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Research News

Morning Edition

Like All Animals, We Need Stress. Just Not Too Much

Wednesday, July 09, 2014

A racing mind and a pounding heart aren't all bad — the stress response can help humans and other animals deal with the unexpected. So what makes a vital system, which evolved to help us, turn toxic?

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Can't Stand Meetings? Try Taking Away The Chairs

Tuesday, July 08, 2014

Those who stood at meetings said they felt their colleagues were more open to their ideas, less territorial, and overall, did better collaborative work, researchers found.

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Morning Edition

Some Parole Requirements Could Be Increasing The Crime Rate

Tuesday, July 08, 2014

Prisoners who are released invariably make it back to the areas where they came from. Does this have a positive or negative effect on crime? Research triggered by Hurricane Katrina offers insight.

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All Things Considered

The Secret History Behind The Science Of Stress

Monday, July 07, 2014

The tobacco industry played an influential role in the funding and popularization of stress research. A vast document archive details the relationships between cigarette makers and key scientists.

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Morning Edition

Facebook Apologizes For Manipulation; Data Research Likely To Go On

Friday, July 04, 2014

A mood study that Facebook conducted on unwitting users has been criticized. Data science plays an integral role at Facebook — for bottom line reasons, and in collaboration with academic researchers.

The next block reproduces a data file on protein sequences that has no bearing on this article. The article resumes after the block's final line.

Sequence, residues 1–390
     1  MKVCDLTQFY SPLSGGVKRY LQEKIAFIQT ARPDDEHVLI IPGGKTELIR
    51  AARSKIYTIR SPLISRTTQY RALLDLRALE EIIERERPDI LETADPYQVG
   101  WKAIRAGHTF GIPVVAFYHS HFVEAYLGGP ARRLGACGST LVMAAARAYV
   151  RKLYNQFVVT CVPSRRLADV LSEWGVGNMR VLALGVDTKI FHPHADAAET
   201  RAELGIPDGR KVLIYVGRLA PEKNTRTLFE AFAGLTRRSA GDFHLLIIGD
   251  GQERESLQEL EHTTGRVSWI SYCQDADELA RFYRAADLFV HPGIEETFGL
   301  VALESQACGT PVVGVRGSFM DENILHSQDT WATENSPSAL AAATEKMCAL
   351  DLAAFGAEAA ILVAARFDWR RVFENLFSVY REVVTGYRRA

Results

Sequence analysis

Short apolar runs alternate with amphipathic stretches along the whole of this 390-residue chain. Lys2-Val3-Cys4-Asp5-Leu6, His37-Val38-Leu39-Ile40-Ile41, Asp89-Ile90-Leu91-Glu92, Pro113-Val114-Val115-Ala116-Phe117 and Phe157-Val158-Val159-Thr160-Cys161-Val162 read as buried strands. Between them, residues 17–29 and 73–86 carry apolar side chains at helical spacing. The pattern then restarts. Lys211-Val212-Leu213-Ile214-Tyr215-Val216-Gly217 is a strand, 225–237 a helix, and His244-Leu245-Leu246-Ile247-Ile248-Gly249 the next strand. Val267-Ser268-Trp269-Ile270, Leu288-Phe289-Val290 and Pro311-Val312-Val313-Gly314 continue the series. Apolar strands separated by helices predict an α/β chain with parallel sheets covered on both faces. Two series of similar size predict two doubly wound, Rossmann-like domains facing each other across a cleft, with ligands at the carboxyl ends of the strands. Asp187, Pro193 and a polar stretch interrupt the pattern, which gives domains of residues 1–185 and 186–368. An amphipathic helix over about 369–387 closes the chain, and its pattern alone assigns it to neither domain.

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Morning Edition

Dance Of Human Evolution Was Herky-Jerky, Fossils Suggest

Friday, July 04, 2014

Maybe it was messier than we thought, some scientists now say. Big brains, long legs and long childhoods may have evolved piecemeal in different spots, in response to frequent swings in climate.

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Can We Predict Which Teens Are Likely To Binge Drink? Maybe

Wednesday, July 02, 2014

We know some people are more at risk for abusing alcohol than others. Now scientists say they're getting closer to predicting which teenagers are most at risk.

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Costlier Digital Mammograms May Not Be Better For Older Women

Wednesday, July 02, 2014

Digital mammograms are sharper and aid diagnosis, radiologists say. But these scans aren't significantly better than film scans in finding tumors in older women, a study finds. And they cost more.

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Easy Method For Making Stem Cells Was Too Good To Be True

Wednesday, July 02, 2014

Scientific papers that claimed stem cells could be made in the laboratory simply by dipping regular cells in acid didn't hold up under scrutiny. Now the work is being retracted because of errors.

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Morning Edition

Living 63 Feet Underwater Helps Cousteau Team Conduct Experiments

Wednesday, July 02, 2014